New Addition

The youngest in our family needed a car this fall and I was ready for a new ride, so I passed down my trusty Honda Civic to him and I got something different. Well, kinda. Yesterday we welcomed this 2015 Subaru WRX to the family car lot. Now the Subbies out number the Honda 3 to 1. ;-) Anyway, the kid gets a reliable car for school and I get a fun car to commute with and sometimes carve a canyon road with.

So asside from getting his father’s old car to drive around in, complete with a VHF Ham radio, he also upgraded his Ham license to General yesterday, so very proud of the youngest. As for my new ride, I’m happy to be driving a performance car for the first time and looking forward to hearing the boxer engine rumble while rowing through the gears to work and back.

Saying Farewell to a Coworker

Sometimes the people I know find their way into my stories. I usually will honor a friend by naming a character after them but that character never looks or acts anything like the person they are named after. Such was the case for a friend who works with me at my day job. He has always been one of my best fans and has read many of my books. When I was writing Devon’s Blade I decided to honor him by creating a character named after him. That character was called Hank in the novel. For those of you who haven not read the novel, Hank dies in the end. But my friend always insisted that his death was never confirmed and that Hank lived!

This week is my friend’s last week with my work group. He’s moving on to bigger and better things and we’re all going to miss him around the office. To honor him, I wrote him a short story about Hank and what happened after Devon’s Blade finished. I hope you enjoy it as much as my friend did. Maybe someday I’ll include it in a new version of the ebook. But for now, you can read it right here, on the blog.

Goodbye, Hank.

First Draft with Plume Creator

Writing my novels on Ubuntu Linux has never been this easy or this well organized. Plume Creator is a writer’s IDE or Integrated Developer Environment. Just substitute Developer with Writer and you have an IWE. It lets you outline, organize and write your scenes and chapters however you like and then allows you to export them to ODT, an open document format that LibreOffice will accept and transform into Word or RTF format so you can more easily send your manuscript to editors and proof readers.

I use Plume for story creation and when I have my first draft nailed down as far as structure goes, I export it to Write and carry on with editing. There is no built in spell check or editing features in Plume Creator as of this version. So you can’t really take your manuscript beyond the first draft. However, getting a solid first draft written is so much easier in Plume than in Write.

When I have a completed, edited, proofed version of the manuscript I then cut and paste each chapter out of Write and into Sigil. But that’s another story for another post.

Plume treats each scene in your novel as a separate file. You then combine scenes to make chapters. If you have ever seen Scrivener, you already have the knowledge to write with Plume. The two applications are very similar. But Plume has a few tools that make writing that first draft easier. And it works on Windows and Linux, two platforms that are second fiddle for Scrivener.

Two useful tools for outlining your first draft in Plume are the Outliner and the Mise en scene.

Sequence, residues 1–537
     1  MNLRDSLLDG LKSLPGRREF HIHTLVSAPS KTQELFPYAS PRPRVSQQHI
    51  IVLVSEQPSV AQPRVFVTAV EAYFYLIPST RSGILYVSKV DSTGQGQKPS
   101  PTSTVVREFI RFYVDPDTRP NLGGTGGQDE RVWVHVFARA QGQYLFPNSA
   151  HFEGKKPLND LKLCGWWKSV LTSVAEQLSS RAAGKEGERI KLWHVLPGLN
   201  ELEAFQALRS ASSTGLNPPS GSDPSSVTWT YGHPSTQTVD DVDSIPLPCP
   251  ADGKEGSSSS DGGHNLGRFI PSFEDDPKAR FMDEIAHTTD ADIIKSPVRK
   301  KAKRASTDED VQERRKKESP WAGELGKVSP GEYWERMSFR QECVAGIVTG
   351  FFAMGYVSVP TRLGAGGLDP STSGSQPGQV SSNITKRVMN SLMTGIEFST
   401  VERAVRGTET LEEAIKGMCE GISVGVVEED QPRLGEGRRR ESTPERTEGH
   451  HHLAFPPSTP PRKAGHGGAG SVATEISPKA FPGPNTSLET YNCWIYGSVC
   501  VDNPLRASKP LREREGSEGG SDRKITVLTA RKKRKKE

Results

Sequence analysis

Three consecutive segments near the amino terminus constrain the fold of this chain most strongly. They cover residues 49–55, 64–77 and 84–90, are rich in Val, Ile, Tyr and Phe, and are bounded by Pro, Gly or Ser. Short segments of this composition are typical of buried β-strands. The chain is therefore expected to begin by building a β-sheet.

This is a close shot of the Mise en scene area showing the characters in the scene and the location. Clicking on the “Eye” icon anoints a Point Of View character.

Here’s what it looks like when you pop up the arrow. You can click and drag your characters into the Scene area, same with the locations. This is very cool meta data to have, especially if you are writing an Epic Fantasy, Sci-Fi or a Mystery.

If you click on the “Man” icon you get the Mise en scene editor, where you can add your characters and locations. Here is where you can elaborate on characters and locations. You can even add new categories.  For instance, in my SF books I have lots of starships, so I keep track of which ones are in a scene using the Starships category.

Here’s a wide shot of Plume in action on my Ubuntu laptop. The Notes area is useful for additional meta data, I use Blake Snyder’s shorthand symbols to show conflict and emotional arc.

This is what a filled out Outline looks like in Plume. You can chose to hide any of the columns to make things less crowded. Sometimes I hide the notes in the outline view.

At this point in my WIP, I have over 50K words in Plume and it still loads and plays ball like a champ. I should be finished writing this first draft in another month or two and then I can reuse the Mise en scene cast and locations for my third book which is already set up in the same Plume project. When I write a trilogy, this is just easier for me than creating a new project for each book.

 

 

 

Starforgers Free on Kobo

StarforgersNovel

You read that right. You can now get the first Star Saga ebook, Starforgers for FREE on Kobo. Free as in free beer, and you can pull it down from this website for free, as in free speech. You just won’t get it in epub format. The Free version you download from this site is in plain text. Not sure how long this will last, so you might want to download it sooner than later.

PS  You can also get the text of all my books here on this website. Because that’s the way I roll.

PPS  Anyone know how to tell if you’ve given away any ebooks on Kobo? I don’t see a column for that free downloads. Probably because nobody has taken advantage of this yet. Maybe I should try it on my Kobo app.

 

Board Update

Finally got all my scenes from The Rising onto the board. Actually, they leaked over to a second board. There are about 90+ scenes total as it stands now. But that is likely to change as I move them around and add and subtract them.

Here’s a view of the board with the acts clearly labeled. Some of the plot points are tentatively placed by using blue tape with black marker. Everything is capable of being changed around.

And here is the same picture with POV lines drawn in so you can see how much page time each character gets.